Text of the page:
“At twilight, I roamed a honey-colored labyrinth of brick houses in Segovia’s medieval Jewish quarter, walking a cobblestone path in the footsteps of my distant ancestor from 16 generations ago. …
After a long, sobering day of touring Budapest, there was one more stop that needed to be made. After everything, finally, the shoes.
It is raining. I am near Steindl Imre utca, on the Pest side of the Danube. It is a little bit hard to find the way. The path along the river is muddy. I look into the distance and I cannot see them. I check the map from the hotel, and the note I had scribbled. The ink is running in the rain. I look again. Suddenly, there they are.
Dozens gather, some by design and many by happenstance. Some are hushed and a few — yeah, they were Americans — are noisily making dinner plans. They are about to witness a ceremony at the Arc de Triomphe that has taken place every night for nearly nine decades, including during the World War II years when the Nazis occupied Paris. The relighting of the eternal flame at the Tomb of the Unknown Soldier is a constant.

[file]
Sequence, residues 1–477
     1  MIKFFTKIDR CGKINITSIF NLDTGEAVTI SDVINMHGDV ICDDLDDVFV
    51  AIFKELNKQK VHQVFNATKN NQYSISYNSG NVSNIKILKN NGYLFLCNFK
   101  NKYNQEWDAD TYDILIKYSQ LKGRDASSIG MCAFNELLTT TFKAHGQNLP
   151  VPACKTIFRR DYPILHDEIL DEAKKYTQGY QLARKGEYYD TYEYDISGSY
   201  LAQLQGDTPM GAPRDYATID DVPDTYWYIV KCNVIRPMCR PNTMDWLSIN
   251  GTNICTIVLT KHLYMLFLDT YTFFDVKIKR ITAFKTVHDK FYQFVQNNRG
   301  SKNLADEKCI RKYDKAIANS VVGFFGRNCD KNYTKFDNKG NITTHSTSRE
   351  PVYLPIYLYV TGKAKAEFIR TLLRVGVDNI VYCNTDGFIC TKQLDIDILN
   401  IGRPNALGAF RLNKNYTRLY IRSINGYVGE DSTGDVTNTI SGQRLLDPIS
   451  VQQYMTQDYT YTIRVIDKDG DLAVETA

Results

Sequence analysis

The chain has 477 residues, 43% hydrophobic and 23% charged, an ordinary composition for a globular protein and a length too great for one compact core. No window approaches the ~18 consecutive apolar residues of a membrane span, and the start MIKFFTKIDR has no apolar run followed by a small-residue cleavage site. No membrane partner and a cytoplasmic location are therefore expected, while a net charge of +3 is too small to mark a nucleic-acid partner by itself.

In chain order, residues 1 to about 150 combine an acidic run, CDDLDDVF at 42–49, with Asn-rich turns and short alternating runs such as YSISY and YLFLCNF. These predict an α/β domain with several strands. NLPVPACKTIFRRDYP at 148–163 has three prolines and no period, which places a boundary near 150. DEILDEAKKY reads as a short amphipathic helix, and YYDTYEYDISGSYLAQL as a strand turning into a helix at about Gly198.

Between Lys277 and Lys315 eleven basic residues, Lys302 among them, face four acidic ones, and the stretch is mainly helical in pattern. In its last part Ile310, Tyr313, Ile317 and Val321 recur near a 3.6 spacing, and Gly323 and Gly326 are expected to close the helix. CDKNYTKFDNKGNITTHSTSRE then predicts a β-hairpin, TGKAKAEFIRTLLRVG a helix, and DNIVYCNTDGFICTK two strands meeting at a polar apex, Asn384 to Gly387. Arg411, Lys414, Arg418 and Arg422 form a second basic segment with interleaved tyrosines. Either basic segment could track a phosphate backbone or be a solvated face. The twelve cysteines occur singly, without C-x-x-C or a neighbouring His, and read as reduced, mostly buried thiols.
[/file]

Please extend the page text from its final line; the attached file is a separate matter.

The siege had left the citizens of Sarajevo with little but their survival instincts. One man attempted to dodge rifle fire in order to obtain bread from the bakery where he worked. Another sought water from the clean underground spring that fed the brewery. Then there was the woman whose mission was to kill the snipers who were killing her city. She, too, was a sniper. Her name was Arrow.
When I first started traveling, I had a theory about sightseeing: you don’t know something sucks until you’ve seen it suck for yourself. That is, you don’t know it’s a waste of time until you’ve wasted the time. Which means, pretty much, that I tried to see everything there was to see, especially the stuff that you were supposed to see.
- Page 2 of 2